Location: Phoenix, AZ, USA, Earth, Sol, Local Bubble, Orion Arm, Milky Way, Local Group
Contact:

Re: Expected BMS Behaviour

Post by amberwolf » Jan 27 2019 1:20am

As long as you use a separate, isolated, power supply for each balancing charger (BC168 or whatever) then they'll all be isolated from each other, and using several of them simultaneiously to charge the entire pack at once is possible.

But that gets large and expensive. :/

Can also be made "idiot proof", by making a single plug at the battery end that everything is wired to, keyed so it can't be plugged in wrong.



Bulk charging via BMS is the simplest, cheapest method, at it's root, but is usually slower.

If the transistors on the BMS balance channels can handle it, you could parallel more resistors onto the existing ones, to double or triple the balance current. But I have no idea what transistors they used, or what capabilities they mght have. May also require increasing the airflow around the BMS, because more balance current means more heat produced. If it doesn't get warm now, no worries, but if it gets hot, you'd want to keep it cooler.


However...again, it is still better to fix a pack that has to *be* balanced all the time than to make a better balancer for it. ;)

Lurkin   100 kW

100 kW
Posts: 1428
Joined: Jan 18 2015 4:31pm
Location: Melbourne, VIC, AUS

Re: Expected BMS Behaviour

Post by Lurkin » Jan 27 2019 1:42am

I understand you are saying that two of these cannot be used unless their source is isolated. How do I do this?

Major is commenting in another thread that the negative is common to the first channel. Does this mean that even if the sources are isolated, the six channels are not? if so, what can I do about this?
It is difficult to separate the EnerDel 12S module in two. I think I'll take a couple of 6S A123 modules I have and hook them up. That way I can measure potential between the two. I really don't want to pop open the BC168. Having 6 separate chargers in the BC168 I was surprised and disappointed to find channel one negative is common to the power supply negative. That sucks and is likely the root of my problem. I thought having isolated power supplies to each BC168 would overcome that.
https://endless-sphere.com/forums/viewt ... 65#p852760

Yes, I get it - I don't expect this to be a major issue given the cells are actually pretty good at staying balanced/ they do not drift. But I'd still like a recipe to follow for a quickly balanced pack all the same.

User avatar
amberwolf   100 GW

100 GW
Posts: 27854
Joined: Aug 17 2009 6:43am
Location: Phoenix, AZ, USA, Earth, Sol, Local Bubble, Orion Arm, Milky Way, Local Group
Contact:

Re: Expected BMS Behaviour

Post by amberwolf » Jan 29 2019 4:07am

Lurkin wrote:
Jan 27 2019 1:42am
I understand you are saying that two of these cannot be used unless their source is isolated. How do I do this?
You would have to use independent source supplies for each. Each of the source supplies would have to be made so that it's output side (DC) is electrically isolated from it's input side (usually AC).

Some of them can be modified to be isolated if tehy are not already, but it can be a PITA to do.

Major is commenting in another thread that the negative is common to the first channel. Does this mean that even if the sources are isolated, the six channels are not? if so, what can I do about this?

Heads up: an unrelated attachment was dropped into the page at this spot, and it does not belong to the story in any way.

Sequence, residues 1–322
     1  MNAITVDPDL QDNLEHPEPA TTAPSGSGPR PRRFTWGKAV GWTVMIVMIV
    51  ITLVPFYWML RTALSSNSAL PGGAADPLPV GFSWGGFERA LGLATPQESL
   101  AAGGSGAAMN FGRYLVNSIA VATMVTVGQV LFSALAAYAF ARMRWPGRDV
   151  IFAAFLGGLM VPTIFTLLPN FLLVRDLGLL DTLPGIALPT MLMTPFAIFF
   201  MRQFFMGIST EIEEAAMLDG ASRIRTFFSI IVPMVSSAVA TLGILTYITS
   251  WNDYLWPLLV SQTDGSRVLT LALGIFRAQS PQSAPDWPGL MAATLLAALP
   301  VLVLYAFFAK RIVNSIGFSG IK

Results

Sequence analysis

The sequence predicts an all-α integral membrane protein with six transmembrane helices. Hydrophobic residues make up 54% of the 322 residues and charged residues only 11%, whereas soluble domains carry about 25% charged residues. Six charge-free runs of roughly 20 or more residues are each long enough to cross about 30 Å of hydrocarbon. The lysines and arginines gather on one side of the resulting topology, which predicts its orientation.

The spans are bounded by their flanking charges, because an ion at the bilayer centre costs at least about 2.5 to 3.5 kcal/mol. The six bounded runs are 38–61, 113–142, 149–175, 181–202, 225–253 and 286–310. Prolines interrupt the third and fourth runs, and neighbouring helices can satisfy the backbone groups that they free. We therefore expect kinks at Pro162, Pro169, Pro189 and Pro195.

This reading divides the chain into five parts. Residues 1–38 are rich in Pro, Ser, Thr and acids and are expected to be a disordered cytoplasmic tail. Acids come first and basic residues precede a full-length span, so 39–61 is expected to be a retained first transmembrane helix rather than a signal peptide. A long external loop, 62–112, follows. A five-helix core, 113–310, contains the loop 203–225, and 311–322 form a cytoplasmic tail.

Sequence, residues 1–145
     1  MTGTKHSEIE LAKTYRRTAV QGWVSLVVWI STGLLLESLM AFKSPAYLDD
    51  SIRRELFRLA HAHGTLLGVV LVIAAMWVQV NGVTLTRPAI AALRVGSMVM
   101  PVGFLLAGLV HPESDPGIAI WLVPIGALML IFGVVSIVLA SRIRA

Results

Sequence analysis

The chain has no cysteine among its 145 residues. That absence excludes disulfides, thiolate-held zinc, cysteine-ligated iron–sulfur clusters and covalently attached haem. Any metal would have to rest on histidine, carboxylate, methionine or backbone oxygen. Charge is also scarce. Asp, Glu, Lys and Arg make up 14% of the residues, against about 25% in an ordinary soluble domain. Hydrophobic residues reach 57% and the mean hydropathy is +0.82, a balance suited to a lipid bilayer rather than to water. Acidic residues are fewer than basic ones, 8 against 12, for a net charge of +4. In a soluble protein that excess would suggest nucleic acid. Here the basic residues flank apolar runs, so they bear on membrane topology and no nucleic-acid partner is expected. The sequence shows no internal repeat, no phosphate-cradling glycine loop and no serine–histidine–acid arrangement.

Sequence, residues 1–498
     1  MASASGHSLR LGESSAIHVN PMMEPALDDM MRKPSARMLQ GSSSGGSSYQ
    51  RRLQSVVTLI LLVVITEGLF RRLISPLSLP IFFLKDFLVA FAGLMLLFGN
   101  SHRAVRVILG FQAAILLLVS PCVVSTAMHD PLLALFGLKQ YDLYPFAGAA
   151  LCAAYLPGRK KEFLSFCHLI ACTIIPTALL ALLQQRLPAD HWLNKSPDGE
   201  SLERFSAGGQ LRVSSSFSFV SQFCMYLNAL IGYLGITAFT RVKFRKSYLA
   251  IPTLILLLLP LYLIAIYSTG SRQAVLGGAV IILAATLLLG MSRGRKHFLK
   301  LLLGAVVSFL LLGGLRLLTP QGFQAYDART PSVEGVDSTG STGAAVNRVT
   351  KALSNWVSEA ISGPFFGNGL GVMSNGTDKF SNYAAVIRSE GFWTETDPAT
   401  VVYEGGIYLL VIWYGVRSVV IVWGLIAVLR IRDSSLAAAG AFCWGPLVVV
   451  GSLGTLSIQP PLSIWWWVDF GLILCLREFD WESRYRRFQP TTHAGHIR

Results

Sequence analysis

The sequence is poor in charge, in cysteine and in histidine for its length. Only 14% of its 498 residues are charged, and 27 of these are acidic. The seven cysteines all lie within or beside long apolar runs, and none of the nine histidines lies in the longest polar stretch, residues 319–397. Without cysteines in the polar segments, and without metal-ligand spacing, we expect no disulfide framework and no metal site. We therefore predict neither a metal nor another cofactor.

The individual channels would *have* to be isolated from each other as-built. If they are not, then to be used on a series-connected set of cells, all of the series connections would have to be disconnected before you could even plug the channels into the cells. (or it would short them out). Since I don't imagine anyone would be doing that with their packs, I don't imagine it's actually designed so taht all channels ahve a common negative.

It is of course possible taht the first channel has it's negative connected to the ground of the source input. But as long as the source is completely independent from one unit to the next, and completley isolated from input to output, then there should not be a problem using mutiple units in series without dsconnecting the secitons of the pack from each other.

Having 6 separate chargers in the BC168 I was surprised and disappointed to find channel one negative is common to the power supply negative. That sucks and is likely the root of my problem. I thought having isolated power supplies to each BC168 would overcome that.
It should. If it does not, then there is still a connection between them somewhere. Find that and remove it, and shouldn't be a problem.

Lurkin   100 kW

100 kW
Posts: 1428
Joined: Jan 18 2015 4:31pm
Location: Melbourne, VIC, AUS

Re: Expected BMS Behaviour

Post by Lurkin » Jan 31 2019 7:26pm

What test do I conduct/ how do I know that the power supply ground is isolated from the charger?

If I use the bench ac to DC supply would it be testing continuity of GND on the AC wall plug to positive or negative of the DC output?

User avatar
amberwolf   100 GW

100 GW
Posts: 27854
Joined: Aug 17 2009 6:43am
Location: Phoenix, AZ, USA, Earth, Sol, Local Bubble, Orion Arm, Milky Way, Local Group
Contact:

Re: Expected BMS Behaviour

Post by amberwolf » Feb 13 2019 3:39pm

Lurkin wrote:
Jan 31 2019 7:26pm
What test do I conduct/ how do I know that the power supply ground is isolated from the charger?
Sorry I missed the question. :oops:

With everything unplugged from power, you can use an ohmmeter to measure continuity from each output wire to each input wire.

If I use the bench ac to DC supply would it be testing continuity of GND on the AC wall plug to positive or negative of the DC output?

Normally the only thing that *might* be connected is the AC ground to the DC ground, but occasionally I've had AC neutral connected to DC ground on PSUs that don't have a ground pin. :/ So testing all the inputs to all the outputs ensures you shouldn't have any worries on that score.

Lurkin   100 kW

100 kW
Posts: 1428
Joined: Jan 18 2015 4:31pm
Location: Melbourne, VIC, AUS

Re: Expected BMS Behaviour

Post by Lurkin » Feb 17 2019 11:38pm

All good, thanks AW, just need to find one to purchase now! 8)

Post Reply